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The 2013 Narrative Candidate: Where are the innings coming from?

If there's a storyline that's emerged early and is easily promoted within the media, it's whether the Cardinals pitching corps can keep it together. Down one starter with another who was ailing to end 2012, the Cardinals will look inside to find the answer.

This picture is from 2013. Baseball is back.
This picture is from 2013. Baseball is back.
Steve Mitchell-USA TODAY Sports

Chris Carpenter's absence in 2013 has all but guaranteed that the starting rotation will be a huge focus of reporting early in Spring Training and throughout the season. If things go poorly, his absence will likely be pointed at as an indicator (despite the fact that the Cardinals did reasonably well without him last year).

It's manifesting early with the heavy scrutiny of a dismissive Jaime Garcia. After suffering a tear in his shoulder last season, Garcia is now connecting with "easy, fluid mechanics" and insisting that everything feels good. Whether Garcia shows durability in 2013, it is worth noting that Garcia has topped 150 innings twice in his 7 year professional career. He's suffered a season ending elbow injury and he's been bumped from a myriad of starts due to minor ailments.

But maybe 2013 will be more like 2010 & 2011 despite a tear in the shoulder that was treated without surgery.

The team hopes that Adam Wainwright and Jake Westbrook can record some long starts to give the bullpen abbreviated days as the rotation turns. The same applies to Lance Lynn whose question is whether he can perform over 200 innings like he did over roughly 160 last year. Another question is if Lynn can keep away from the cheeseburgers.

The Cardinals will look to a set of prospects to fill the gaps: former #1 prospect Shelby Miller, ace reliever Trevor Rosenthal and unheralded but steady Joe Kelly.

For all of the in house options that exist and for all of the evidence that those in house options should be pretty good, the Cardinals will be followed by another question this season not dissimilar from the loss of Chris Carpenter. Would Kyle Lohse have made a difference?

The Cardinals are the only club, being his former club, that could sign Kyle Lohse without losing a draft pick they currently have. That signing would, however, lose them a draft pick they want to acquire by having another team sign him.

Some writers will make the case for Lohse as a strong rotation candidate on the laurels of 2.86 ERA from 2012. While Lohse is almost certainly not as good as his ERA, he is a good pitcher and, assuming he's past his own health issues related to his forearm, capable of pitching a substantial number of innings. Teams that want to compete for the playoffs would be happy to have him at the right price, which seems to mean a price that doesn't cost them a draft pick.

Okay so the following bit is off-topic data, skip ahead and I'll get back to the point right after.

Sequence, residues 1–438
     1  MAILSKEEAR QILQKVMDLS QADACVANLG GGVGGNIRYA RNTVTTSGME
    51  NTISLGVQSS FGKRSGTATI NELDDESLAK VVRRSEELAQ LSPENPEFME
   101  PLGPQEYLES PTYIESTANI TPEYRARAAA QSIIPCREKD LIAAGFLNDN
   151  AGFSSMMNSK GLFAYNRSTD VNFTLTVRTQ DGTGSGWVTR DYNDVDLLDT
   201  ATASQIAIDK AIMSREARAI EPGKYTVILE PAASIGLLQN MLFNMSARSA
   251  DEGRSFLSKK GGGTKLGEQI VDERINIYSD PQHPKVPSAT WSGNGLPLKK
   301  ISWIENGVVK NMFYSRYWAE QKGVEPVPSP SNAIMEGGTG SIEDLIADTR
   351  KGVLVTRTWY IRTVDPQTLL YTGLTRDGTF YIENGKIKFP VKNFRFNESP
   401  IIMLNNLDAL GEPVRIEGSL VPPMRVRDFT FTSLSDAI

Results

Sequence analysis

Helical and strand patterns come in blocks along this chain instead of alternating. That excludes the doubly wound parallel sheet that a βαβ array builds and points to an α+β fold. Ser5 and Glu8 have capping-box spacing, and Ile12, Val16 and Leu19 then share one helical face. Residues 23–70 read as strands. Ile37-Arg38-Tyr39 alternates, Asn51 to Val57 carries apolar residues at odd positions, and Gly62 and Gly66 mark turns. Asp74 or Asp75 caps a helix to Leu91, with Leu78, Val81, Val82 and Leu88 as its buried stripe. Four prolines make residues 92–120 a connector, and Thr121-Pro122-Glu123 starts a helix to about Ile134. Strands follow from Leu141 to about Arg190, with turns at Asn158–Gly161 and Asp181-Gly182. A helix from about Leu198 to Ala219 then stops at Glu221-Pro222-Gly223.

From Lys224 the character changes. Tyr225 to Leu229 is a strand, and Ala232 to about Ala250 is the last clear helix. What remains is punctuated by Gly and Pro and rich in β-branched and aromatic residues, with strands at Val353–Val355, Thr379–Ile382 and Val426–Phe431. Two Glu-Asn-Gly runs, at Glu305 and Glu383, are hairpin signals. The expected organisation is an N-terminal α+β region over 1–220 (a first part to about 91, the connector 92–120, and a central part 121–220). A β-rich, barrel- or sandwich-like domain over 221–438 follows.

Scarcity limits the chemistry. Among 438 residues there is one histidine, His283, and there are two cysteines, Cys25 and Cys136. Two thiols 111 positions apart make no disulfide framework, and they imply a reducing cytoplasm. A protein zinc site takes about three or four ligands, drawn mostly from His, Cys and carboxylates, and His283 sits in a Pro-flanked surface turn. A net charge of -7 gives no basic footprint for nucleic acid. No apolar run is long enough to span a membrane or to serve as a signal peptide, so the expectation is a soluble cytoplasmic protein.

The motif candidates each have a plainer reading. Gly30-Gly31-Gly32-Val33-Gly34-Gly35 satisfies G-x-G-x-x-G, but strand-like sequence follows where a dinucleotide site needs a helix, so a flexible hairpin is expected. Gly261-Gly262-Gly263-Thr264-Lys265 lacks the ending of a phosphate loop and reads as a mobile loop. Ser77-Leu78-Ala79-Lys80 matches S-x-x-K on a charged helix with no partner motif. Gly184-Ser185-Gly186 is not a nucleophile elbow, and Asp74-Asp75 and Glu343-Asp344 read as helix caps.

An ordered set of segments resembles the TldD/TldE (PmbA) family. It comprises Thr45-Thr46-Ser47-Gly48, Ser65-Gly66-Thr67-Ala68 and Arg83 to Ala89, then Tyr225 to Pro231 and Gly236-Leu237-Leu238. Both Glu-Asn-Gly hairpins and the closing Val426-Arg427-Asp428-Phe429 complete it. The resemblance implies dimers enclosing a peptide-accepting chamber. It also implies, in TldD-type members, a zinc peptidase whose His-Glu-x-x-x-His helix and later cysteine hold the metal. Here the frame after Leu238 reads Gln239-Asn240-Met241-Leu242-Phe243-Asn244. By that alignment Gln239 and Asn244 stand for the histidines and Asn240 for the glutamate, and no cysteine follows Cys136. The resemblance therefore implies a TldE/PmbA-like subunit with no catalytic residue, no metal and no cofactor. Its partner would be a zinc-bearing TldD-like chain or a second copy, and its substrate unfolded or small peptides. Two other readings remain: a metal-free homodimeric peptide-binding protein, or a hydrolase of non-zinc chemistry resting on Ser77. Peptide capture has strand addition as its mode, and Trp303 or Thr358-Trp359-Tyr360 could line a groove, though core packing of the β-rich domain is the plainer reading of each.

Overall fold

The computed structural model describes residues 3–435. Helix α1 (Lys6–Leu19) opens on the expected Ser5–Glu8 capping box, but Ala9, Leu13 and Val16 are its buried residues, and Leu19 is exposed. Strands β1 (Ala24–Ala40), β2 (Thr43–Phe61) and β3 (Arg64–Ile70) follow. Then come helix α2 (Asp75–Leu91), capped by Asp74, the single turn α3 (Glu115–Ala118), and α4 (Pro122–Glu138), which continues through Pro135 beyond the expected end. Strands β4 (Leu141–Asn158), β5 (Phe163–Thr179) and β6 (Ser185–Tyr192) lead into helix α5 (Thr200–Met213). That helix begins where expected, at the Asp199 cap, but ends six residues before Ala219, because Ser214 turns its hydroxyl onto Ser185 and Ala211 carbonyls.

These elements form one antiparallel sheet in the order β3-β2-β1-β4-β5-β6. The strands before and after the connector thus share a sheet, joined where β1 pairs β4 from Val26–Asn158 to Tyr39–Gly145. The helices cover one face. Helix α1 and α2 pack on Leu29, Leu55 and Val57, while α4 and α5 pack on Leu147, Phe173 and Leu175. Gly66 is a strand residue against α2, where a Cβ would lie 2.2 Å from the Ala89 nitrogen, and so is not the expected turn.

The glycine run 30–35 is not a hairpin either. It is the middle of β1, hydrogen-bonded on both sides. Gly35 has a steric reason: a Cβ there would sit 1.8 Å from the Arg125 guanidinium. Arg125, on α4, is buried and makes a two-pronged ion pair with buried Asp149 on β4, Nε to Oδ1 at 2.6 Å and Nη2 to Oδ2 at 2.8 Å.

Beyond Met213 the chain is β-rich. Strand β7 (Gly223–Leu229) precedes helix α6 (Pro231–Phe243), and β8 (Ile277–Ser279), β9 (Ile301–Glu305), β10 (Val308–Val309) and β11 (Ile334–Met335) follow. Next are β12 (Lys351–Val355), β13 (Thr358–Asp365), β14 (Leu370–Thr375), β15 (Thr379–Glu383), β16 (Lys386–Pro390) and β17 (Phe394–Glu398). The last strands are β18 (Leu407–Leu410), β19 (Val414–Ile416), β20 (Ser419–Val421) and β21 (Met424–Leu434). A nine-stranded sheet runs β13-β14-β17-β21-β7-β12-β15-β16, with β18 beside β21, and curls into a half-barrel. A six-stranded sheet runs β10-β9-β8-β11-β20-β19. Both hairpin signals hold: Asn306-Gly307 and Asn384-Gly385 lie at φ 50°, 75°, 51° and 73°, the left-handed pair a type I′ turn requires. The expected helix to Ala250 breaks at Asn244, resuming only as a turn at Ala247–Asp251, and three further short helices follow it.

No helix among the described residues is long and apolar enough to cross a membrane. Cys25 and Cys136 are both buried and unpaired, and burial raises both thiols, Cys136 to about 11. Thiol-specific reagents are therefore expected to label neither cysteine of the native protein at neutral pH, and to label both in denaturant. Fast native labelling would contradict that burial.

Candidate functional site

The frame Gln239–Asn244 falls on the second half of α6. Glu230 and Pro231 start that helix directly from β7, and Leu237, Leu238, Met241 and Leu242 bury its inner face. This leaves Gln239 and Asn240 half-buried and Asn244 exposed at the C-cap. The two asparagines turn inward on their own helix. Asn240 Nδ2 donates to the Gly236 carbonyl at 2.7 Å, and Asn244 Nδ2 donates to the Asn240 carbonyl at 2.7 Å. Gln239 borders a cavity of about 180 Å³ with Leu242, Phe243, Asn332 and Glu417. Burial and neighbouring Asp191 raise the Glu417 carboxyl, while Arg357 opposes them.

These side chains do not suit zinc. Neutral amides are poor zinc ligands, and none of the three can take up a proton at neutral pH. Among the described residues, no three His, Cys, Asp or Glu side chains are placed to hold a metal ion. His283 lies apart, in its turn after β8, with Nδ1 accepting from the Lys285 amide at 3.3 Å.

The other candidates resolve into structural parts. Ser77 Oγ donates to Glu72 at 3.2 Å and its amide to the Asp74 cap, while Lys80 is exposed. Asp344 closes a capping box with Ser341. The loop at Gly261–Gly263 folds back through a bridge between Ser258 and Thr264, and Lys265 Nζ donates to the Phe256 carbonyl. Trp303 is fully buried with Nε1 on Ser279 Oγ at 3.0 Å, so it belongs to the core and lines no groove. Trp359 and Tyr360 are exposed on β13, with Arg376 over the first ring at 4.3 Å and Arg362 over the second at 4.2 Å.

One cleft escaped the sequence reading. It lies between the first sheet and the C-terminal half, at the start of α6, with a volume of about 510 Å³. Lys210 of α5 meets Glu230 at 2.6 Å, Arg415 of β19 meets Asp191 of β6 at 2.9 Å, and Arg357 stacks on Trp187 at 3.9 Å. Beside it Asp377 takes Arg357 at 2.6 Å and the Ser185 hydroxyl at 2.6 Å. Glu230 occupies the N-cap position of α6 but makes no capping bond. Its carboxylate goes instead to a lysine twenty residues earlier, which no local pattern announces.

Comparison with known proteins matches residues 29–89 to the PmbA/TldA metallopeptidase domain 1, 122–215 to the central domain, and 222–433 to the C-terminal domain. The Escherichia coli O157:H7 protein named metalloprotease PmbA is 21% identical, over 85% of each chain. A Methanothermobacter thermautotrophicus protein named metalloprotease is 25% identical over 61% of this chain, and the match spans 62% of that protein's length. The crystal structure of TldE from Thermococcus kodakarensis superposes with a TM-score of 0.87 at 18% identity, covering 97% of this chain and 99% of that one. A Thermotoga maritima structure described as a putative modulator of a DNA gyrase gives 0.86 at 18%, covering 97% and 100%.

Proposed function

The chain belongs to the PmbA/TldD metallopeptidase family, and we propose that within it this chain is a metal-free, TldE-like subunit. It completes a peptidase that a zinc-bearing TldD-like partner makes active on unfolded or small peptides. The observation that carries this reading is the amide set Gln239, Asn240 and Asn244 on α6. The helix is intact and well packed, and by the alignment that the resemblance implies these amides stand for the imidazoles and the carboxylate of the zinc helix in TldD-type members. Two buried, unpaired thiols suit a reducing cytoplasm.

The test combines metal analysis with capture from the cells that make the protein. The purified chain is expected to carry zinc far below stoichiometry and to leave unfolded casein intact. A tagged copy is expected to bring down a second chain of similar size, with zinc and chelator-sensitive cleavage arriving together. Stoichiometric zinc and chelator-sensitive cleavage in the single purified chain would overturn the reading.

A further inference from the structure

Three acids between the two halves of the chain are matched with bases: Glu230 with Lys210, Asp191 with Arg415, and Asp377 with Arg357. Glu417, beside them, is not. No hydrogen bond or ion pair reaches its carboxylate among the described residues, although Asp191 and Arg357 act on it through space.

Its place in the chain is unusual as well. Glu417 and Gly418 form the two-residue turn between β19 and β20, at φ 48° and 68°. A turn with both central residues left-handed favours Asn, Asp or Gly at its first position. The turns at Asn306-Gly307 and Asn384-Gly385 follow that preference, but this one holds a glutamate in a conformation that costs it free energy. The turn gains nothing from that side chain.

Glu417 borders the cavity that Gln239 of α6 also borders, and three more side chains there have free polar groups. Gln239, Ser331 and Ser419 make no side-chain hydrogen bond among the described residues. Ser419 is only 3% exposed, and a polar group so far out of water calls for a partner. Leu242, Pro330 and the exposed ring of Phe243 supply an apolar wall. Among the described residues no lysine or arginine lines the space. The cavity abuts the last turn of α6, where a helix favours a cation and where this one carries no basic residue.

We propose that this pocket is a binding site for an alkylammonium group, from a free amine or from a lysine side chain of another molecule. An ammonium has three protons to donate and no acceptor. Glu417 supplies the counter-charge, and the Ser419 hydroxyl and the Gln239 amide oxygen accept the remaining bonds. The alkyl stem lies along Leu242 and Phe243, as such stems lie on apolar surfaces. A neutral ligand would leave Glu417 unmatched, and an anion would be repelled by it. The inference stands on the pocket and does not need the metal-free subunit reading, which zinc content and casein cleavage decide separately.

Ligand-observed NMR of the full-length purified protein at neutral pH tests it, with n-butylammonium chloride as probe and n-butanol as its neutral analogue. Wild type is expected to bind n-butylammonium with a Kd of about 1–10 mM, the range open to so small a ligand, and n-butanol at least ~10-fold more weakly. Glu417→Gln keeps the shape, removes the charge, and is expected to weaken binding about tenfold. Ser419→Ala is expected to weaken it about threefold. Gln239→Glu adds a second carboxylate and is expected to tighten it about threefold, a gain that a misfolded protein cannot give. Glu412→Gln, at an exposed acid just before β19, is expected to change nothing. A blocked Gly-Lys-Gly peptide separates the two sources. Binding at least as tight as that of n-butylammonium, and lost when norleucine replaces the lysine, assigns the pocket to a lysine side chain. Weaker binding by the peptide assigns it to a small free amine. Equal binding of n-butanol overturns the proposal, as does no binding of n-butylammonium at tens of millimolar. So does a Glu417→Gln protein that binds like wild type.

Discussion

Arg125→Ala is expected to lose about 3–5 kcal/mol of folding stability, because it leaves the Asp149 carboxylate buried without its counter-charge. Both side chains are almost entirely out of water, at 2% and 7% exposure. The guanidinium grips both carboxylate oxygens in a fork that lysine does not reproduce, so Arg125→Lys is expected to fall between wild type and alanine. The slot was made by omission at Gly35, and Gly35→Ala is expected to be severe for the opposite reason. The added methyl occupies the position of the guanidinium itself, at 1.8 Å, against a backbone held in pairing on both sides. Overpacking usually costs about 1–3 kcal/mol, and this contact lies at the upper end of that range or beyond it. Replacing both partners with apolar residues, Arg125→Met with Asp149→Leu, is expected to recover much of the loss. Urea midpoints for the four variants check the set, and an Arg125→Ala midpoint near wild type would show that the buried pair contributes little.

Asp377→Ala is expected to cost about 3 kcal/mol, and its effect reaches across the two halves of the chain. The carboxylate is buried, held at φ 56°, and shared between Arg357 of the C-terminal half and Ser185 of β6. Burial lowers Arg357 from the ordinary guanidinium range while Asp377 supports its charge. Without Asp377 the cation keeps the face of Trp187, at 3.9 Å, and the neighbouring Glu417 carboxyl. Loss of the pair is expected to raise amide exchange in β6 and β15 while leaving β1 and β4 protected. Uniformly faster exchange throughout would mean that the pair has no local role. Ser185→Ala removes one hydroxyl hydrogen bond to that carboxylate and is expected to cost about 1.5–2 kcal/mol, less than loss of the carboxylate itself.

Aren't the Cardinals a team that meets that criteria? Yes, they are. They're also the team that has what is almost universally regarded as the best farm system in baseball. Much of that rests on the arms of incredible pitching prospects like Miller, Rosenthal, Carlos Martinez and newly drafted Michael Wacha Wacha.

If ever there was a year for the Cardinals to shy away from adding another veteran to the lineup, it has to be now.

The problem with Kyle Lohse isn't that he doesn't fit the Cardinals needs. The problem is that he doesn't fit them appreciably better than one of those prospects. If you look at ZiPS for the Cardinals pitchers and compare Lohse to Miller, Rosenthal and Kelly, the biggest difference is between Lohse and Kelly. The former is projected for a 3.65 FIP and the latter a 3.98 FIP. That difference amounts to 7 runs over 200 innings.

The average projection for Kyle Lohse compared to the internal candidate who projects the worst is less than a win on paper. These are, admittedly, average projections. Lohse carries a projection with less variance. What that means is that, hypothetically, 80% of the time Lohse will fall between 3.50 and 4.00 for his season FIP. Kelly, however, has a bigger spread in his performance. His average is 3.98 but his 80% may be spread between 3.25 and 4.75.

That's just one player though and it's a projection that doesn't incorporate any of the Cardinals scouting reports of their prospects. The Cardinals just need to hit on one of the three players listed to get a return equal to Kyle Lohse at ~5% of the cost. The redundancy provided by Miller, Kelly and Rosenthal acts as its own risk mitigation to the non-signing of Kyle Lohse.

Kyle Lohse will sign somewhere or at the very least there are some compelling reasons for a team to sign him. That team isn't the Cardinals though. Even if the Cardinals fail to make the post-season because their rotation finds itself in tatters by the end of the year, a farm system unharvested is pointless. They had to make the plunge eventually and trust their prospects to become veterans in their own right.

It would still be nice to get 200 innings out of Jaime Garcia though. Weird home-road splits and all.